On this day in 1975, a group of junior army officers brutally murdered the man, who led the movement for an independent Bangladesh, at his house in Dhanmondi Road 32.
The day began with President Abdul Hamid and Prime Minister Sheikh Hasina paying their homage at the house.
They placed floral wreaths at the portrait of Bangabandhu followed by a state salute of an army contingent.
The president and the prime minister, also the eldest daughter of Bangabandhu, stood in solemn silence in front of the portrait for some time.
Speaker Shirin Sharmin Chaudhury, Chief Justice Surendra Kumar Sinha, Deputy Leader of House Syeda Sajeda Chowdhury, Bangabandhu’s other daughter Sheikh Rehana, Cabinet members, advisors to the prime minister, parliament members, Cabinet secretary, chiefs of armed forces were present on the occasion.
Flanked by senior leaders, Sheikh Hasina, who also heads the Awami League, placed another wreath at the portrait of Bangabandhu on behalf of the party.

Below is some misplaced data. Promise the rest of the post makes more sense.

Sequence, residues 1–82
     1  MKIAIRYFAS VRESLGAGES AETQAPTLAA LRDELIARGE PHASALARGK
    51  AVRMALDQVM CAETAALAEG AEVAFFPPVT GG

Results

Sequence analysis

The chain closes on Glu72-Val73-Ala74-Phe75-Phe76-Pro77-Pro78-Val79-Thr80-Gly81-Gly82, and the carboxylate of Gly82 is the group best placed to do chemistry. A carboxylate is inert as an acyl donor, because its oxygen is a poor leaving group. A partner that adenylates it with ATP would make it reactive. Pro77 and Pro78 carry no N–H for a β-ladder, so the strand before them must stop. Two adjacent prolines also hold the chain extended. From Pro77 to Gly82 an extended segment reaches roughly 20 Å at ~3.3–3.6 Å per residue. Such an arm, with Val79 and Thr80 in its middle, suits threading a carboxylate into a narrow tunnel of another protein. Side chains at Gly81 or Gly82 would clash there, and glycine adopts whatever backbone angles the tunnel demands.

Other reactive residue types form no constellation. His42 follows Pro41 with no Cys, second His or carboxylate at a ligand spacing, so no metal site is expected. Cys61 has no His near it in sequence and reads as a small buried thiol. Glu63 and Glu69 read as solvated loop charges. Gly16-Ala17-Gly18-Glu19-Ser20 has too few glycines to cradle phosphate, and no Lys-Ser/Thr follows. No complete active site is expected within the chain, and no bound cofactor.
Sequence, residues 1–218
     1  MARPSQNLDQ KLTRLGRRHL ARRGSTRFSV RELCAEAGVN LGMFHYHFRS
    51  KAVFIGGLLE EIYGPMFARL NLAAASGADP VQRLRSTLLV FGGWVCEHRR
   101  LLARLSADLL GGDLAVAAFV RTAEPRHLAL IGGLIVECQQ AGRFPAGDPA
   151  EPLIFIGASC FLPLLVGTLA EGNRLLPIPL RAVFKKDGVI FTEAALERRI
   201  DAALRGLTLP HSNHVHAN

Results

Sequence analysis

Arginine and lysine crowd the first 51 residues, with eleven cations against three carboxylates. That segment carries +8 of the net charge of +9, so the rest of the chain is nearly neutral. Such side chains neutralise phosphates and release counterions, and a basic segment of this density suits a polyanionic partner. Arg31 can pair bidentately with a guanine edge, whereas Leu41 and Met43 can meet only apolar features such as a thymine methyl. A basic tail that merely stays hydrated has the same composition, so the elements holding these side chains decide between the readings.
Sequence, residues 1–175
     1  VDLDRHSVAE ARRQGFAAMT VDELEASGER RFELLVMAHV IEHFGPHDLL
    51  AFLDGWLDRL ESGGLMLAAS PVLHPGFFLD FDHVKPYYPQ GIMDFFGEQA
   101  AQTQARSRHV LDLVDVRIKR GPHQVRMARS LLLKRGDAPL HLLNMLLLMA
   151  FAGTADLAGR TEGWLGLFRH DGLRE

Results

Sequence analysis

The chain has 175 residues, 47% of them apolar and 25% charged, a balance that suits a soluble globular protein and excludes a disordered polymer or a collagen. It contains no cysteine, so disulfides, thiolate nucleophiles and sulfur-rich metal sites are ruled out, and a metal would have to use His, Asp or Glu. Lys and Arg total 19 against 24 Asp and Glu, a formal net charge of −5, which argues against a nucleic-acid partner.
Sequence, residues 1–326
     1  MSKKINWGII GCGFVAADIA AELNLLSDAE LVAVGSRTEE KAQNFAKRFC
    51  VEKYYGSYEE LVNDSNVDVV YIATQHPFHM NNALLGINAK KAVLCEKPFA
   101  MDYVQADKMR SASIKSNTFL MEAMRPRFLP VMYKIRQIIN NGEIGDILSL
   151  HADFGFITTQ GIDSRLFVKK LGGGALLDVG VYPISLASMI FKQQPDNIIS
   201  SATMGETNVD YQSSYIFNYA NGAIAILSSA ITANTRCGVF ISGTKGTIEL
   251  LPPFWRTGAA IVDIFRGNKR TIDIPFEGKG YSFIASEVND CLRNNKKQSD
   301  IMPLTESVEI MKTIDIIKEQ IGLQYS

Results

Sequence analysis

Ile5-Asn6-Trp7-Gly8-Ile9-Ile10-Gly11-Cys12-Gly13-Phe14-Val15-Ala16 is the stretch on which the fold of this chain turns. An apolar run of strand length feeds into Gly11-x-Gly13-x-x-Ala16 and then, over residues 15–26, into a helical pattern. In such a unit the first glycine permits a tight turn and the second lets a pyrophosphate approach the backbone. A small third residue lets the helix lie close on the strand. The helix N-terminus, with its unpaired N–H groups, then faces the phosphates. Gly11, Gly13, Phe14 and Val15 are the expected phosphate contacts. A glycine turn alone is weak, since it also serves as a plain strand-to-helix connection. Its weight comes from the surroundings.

Later, the Prime Minister along with her sister Sheikh Rehana went to the Banani Graveyard and paid respect to their mother Fazilatunnesa Mujib, brothers Sheikh Kamal, Sheikh Jamal and Sheikh Russell and other martyrs of Aug 15 carnage.
Bangladesh has so far hanged five of the 12 convicted killers.
But the nation had to wait for 21 years for progress in the case that happened only after the Awami League came to power in 1996.
The killers could not be tried earlier because Bangladesh’s first military ruler Gen Ziaur Rahman indemnified the self-proclaimed killers.
President Abdul Hamid in a message said the group of killers was ‘in connivance with anti-liberation forces’.
“The aims of the killers were not only to kill Bangabandhu but also to annihilate the ideals of the War of Independence and reinstate the defeated forces,” the president said.
But they could not wipe out the principles and ideals that Bangabandhu stood for , he added.
Hasina in her message said the killers wanted to ‘destroy the non-communal democratic fabric of Bangladesh’.
She also renewed the call for turning the ‘national grief into national strength.’